Sleep Hygiene Techniques and Allergies

Last updated: June 2022

Sleep hygiene is more than just showering before bed, brushing your teeth, and sleeping on clean bedding. Sleep hygiene is the habits and behaviors that can help you regularly get a good night's sleep. Most of us know how important sleep is. Unfortunately, allergy symptoms can get in the way of getting proper rest. Below are just some things you can do to improve your sleep if your allergy symptoms keep you up at night.

Invest in an air purifier

For the average person, it's typically recommended that you crack your window open to get fresh air into your room at night. However, this can be detrimental for allergy sufferers, especially during high pollen season.

Researching and purchasing a quality air purifier can make a massive difference in the air quality of your home. Air filtration is immensely beneficial for those of us with allergies to remove allergens from the air. Typically, HEPA filtered air purifiers are best for those with allergies. Naturally, by having better and cleaner fresh air circulating within our homes and bodies, we may be able to sleep better.

Equip your bed with hypoallergenic bedding

Purchasing a mattress cover, pillowcases, and other hypoallergenic bedding is typically necessary for those of us with allergies. It can help decrease nightly allergy symptoms by keeping away dust mites, mold spores, and mildew from accumulating.

Medications and supplements

Prescription or over-the-counter antihistamine medications can reduce symptoms such as nasal congestion, runny nose, watery eyes, and cough. Certain medications, such as Benadryl, can also make you drowsy, which can help with falling asleep.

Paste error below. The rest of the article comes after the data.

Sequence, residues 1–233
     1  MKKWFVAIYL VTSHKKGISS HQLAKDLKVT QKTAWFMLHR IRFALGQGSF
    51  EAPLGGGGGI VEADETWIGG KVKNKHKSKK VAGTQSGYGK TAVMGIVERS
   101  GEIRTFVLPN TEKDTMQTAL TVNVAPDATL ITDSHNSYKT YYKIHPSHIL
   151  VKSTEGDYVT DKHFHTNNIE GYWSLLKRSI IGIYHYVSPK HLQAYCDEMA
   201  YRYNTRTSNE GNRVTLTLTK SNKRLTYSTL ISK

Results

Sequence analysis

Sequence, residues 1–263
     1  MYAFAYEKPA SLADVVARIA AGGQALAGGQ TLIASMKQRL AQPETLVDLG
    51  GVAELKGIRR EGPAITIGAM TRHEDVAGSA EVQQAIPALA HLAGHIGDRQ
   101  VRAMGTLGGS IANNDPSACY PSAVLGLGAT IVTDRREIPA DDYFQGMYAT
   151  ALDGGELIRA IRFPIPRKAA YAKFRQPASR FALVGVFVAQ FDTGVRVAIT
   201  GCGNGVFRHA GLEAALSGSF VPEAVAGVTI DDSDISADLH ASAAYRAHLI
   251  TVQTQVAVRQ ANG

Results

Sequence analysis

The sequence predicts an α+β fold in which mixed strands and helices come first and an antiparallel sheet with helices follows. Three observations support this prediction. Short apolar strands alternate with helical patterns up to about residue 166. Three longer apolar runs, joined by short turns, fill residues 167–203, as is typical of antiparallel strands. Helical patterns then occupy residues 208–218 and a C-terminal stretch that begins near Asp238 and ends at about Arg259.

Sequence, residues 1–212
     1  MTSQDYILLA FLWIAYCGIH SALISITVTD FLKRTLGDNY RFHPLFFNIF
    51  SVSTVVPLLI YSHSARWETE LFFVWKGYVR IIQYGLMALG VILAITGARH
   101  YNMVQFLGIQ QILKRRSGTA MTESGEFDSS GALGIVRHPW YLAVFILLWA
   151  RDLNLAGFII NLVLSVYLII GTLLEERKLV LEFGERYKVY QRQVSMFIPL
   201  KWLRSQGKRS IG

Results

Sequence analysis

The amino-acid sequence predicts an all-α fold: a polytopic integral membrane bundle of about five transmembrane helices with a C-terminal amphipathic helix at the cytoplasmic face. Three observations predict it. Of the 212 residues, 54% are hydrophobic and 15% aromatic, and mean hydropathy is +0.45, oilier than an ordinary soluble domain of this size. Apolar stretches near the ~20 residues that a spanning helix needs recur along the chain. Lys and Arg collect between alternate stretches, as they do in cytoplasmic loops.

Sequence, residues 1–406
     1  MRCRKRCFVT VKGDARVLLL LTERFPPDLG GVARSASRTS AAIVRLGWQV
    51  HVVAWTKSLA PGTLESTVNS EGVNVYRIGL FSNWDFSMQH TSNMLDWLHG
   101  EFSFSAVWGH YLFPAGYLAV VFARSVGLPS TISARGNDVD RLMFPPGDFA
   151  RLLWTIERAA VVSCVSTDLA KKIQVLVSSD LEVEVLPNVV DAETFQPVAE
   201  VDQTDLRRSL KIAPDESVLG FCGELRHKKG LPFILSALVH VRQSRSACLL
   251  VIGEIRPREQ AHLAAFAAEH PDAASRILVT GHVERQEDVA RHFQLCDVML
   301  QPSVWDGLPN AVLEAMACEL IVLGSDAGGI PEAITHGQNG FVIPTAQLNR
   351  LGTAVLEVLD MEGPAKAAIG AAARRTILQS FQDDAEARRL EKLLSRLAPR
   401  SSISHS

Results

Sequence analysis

If you'd rather stay on the natural side, Quercetin is often used as an alternative to antihistamines. Quercetin also has the potential to decrease overall inflammation due to its ability to suppress pro-inflammatory cytokines.1

In addition to that, you can also take melatonin to help with sleep. Of course, always consult your doctor or team before starting any new medication or supplement.

Use a nasal dilator

If you suffer from a frequent stuffy nose due to allergies, a nasal dilator may help. In short, a nasal dilator is a small device inserted into your nose to help open up your nasal passages, which enables you to breathe easier. Along with medications or supplements, this can make breathing easier, thus aiding with restful sleep.

Try meditation

This is one of my personal favorites, not just for sleep. Among many other benefits, meditation is known for having a calming effect by helping regulate breathing. Even 5 to 10 minutes of meditation or stillness before bed can make a big difference. Meditation can activate your parasympathetic nervous system. Deep breathing signals your body that you are safe and can go into "rest and digest" mode. Due to the calming effects, meditation can also lower heart and breathing rates, increasing the chances of a better night's sleep.

Once I committed to a daily meditation practice, I saw so many positive changes in every aspect of my life. For me, this included a decrease in symptoms of anxiety and depression, better control over allergy and atopic dermatitis symptoms, and an easier time focusing, among many others!

A restful sleep with allergies

None of the things mentioned above are guaranteed to make a significant change after just one night – or at all, for that matter. We are all different, and what works for me may not work for you. It also takes time, patience, dedication, and commitment to form new habits.

But when we find something that works for us and gives us even a little bit of relief, it can provide us with the needed hope and strength to keep going. It gives us the extra "fuel" needed to do everything in our power to make our lives more manageable and much lighter – even with the burden of allergies and other chronic health conditions.

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This article represents the opinions, thoughts, and experiences of the author; none of this content has been paid for by any advertiser. The Allergies.net team does not recommend or endorse any products or treatments discussed herein. Learn more about how we maintain editorial integrity here.

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